What are the values most important to a company? MIT's innovation expert Michael Schrage shares his thoughts on how to approach Key Performance Indicators.
What are the values most important to a company? Can they be told by Key Performance Indicators (KPIs) alone or can the wrong incentive lead to the wrong outcome for a company? MIT's innovation expert Michael Schrage shares his thoughts on how to approach KPIs, using a classic example from the call center industry to show how dangerous an inexact business performance goal can be.
AI is short for more than just 'Artificial Intelligence'. At this crucial stage in its design, we have to decide whether we want it to merely serve us, or to challenge and augment our many selves.
What if AI stood for 'Augmented Introspection' as well as 'Artificial Intelligence'? We've been given a precious do-over opportunity in this emergent time of AI technology, where we can choose to re-design our cities and our selves to align more closely with what we want those things to be. So -- what do we want it to be? Michael Schrage, MIT research fellow and innovation leader, thinks we need to push past the base-level notion of AI servants and assistants. What individuals need to succeed economically and personally are digital tools that can augment (or suppress) our selves — that's right, plural. Schrage's vision of AI is informed by theories of mind developed by cognitive scientists and behavioral economists like Daniel Kahneman, Marvin Minsky, Robert Kurzban and Jonathan Haidt. "According to empirical scientific research, there's no such thing as 'the self'. In fact the metaphor that many people use is that your mind is like a committee, and that depending upon time of day and your mood... One self or aspect of the self may dominate over another," says Schrage. So what aspect of yourself do you most want to enhance and what aspect of yourself do you want to mitigate? AI will help you do that. It will not, however, be a passive pushover that bends to your flaws: great AI, says Schrage, will "kick your assumptions in the groin." Take the example of an online book recommender. A truly intelligent and introspective tool will not just show you books that echo what you've read in the past, it will suggest books that are completely outside of your wheelhouse. It will not simply serve you, it will stretch your thinking. Michael Schrage's most recent book is The Innovator's Hypothesis: How Cheap Experiments Are Worth More Than Good Ideas.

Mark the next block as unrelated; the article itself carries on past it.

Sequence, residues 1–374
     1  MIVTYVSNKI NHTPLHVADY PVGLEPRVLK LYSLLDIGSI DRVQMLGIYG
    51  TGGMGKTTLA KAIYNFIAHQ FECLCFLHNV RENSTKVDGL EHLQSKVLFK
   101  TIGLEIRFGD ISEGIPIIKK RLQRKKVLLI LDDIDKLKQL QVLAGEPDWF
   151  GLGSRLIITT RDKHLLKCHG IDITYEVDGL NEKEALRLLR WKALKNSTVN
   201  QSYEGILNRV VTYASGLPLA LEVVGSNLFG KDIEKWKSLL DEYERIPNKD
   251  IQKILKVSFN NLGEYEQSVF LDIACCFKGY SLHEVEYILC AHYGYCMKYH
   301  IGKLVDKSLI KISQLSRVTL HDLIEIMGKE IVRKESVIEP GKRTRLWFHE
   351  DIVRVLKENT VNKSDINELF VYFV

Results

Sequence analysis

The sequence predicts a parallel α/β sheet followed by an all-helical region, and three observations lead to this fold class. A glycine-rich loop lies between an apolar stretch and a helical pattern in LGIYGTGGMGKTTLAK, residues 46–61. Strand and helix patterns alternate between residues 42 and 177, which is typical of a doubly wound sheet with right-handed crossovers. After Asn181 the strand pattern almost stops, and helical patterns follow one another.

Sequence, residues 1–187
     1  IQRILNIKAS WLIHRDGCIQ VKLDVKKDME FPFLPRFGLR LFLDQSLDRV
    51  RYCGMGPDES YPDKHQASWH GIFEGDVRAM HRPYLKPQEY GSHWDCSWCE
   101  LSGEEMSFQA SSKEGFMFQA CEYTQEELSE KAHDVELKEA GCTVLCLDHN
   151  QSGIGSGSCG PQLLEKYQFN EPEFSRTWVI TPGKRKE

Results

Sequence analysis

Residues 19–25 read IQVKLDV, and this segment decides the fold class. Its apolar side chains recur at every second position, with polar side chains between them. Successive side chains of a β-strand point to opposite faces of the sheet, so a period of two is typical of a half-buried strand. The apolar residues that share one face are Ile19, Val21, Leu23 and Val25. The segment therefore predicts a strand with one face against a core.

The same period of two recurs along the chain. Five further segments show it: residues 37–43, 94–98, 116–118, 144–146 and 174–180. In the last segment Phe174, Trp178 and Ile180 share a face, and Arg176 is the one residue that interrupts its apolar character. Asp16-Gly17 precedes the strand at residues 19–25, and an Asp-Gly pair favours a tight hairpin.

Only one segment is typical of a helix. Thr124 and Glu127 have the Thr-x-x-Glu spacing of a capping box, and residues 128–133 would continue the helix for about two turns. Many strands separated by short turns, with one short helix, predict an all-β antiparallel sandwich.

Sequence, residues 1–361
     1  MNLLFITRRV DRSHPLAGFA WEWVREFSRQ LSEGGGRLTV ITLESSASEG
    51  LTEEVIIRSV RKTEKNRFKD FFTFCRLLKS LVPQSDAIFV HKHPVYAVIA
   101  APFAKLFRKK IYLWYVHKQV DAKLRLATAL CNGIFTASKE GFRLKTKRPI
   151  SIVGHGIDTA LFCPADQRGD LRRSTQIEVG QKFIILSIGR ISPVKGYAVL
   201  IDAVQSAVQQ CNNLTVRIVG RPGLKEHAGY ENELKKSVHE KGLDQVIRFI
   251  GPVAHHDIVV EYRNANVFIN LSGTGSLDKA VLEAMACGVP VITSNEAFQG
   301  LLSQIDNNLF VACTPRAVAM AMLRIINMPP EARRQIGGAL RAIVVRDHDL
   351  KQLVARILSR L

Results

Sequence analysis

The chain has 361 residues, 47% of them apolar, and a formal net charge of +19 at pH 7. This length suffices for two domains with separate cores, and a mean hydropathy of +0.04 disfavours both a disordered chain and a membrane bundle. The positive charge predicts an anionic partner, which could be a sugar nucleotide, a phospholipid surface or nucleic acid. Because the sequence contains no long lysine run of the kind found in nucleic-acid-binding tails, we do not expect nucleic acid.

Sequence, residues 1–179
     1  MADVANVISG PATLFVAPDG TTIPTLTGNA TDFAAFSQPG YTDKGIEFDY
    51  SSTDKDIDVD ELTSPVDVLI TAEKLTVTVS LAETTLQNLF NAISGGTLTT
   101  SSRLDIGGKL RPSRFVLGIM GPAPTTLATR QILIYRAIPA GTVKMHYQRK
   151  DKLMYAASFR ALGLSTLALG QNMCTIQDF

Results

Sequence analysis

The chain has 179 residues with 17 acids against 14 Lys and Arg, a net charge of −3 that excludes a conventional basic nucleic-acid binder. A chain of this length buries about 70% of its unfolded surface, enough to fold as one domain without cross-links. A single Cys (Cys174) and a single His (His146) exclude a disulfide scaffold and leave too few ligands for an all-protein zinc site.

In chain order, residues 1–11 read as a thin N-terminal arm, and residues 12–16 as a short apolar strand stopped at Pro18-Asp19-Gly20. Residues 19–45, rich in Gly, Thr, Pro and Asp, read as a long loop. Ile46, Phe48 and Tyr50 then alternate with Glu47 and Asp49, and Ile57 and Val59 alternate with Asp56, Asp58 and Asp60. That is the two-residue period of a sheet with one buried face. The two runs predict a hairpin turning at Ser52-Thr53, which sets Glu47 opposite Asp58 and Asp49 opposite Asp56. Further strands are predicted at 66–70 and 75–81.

Companies succeed when they invest in human capital, which used to just mean a company's employees. Today, it means investing in the company's customers as well.
The first industrial sociologist, Frenchman Frederic le Play, revolutionized business strategy by recognizing that the coal mine's most essential asset wasn't the raw material extracted from the mine, but the miner himself. Steve Jobs expressed a similar notion, though not exactly the same, when he said his favorite Apple product wasn't a piece of technology, but the team of people he worked to build.
The real problem with bypassing the iPhone's security features is bigger than violating the privacy rights of Americans. It's coming to terms with how governments around the world would react.
In the dispute over whether Apple should be forced to unlock the San Bernardino shooter's iPhone, there is ultimately no satisfactory decision. Either law enforcement will be prevented from collecting essential information or a Pandora's Box will be opened, possibly allowing the world's harsher governments to collect their citizens' private data at will. The dilemma is captured by the famous legal phrase "hard cases make bad law."
Michael Schrage examines the various roles of models, prototypes, and simulations as collaborative media for innovation risk management. He has served as an advisor on innovation issues and investments to major firms, including Mars, Procter & Gamble, Google, Intel, BT, Siemens, NASDAQ, IBM, and Alcoa. In addition, Schrage has advised segments of the national security community on cyber conflict and cybersecurity issues. He has presented workshops on design experimentation and innovation risk for businesses, organizations, and executive education programs worldwide. Along with running summer workshops on future technologies for the Pentagon's Office of Net Assessment, he has served on the technical advisory committee of MIT's Lincoln Laboratory. In collaboration with the Center for Strategic and International Studies (CSIS), Schrage helped launch a series of workshops sponsored by the Department of Defense on federal complex systems procurement. In 2007, he served as a judge for the Industrial Designers Society of America's global International Design Excellence Awards.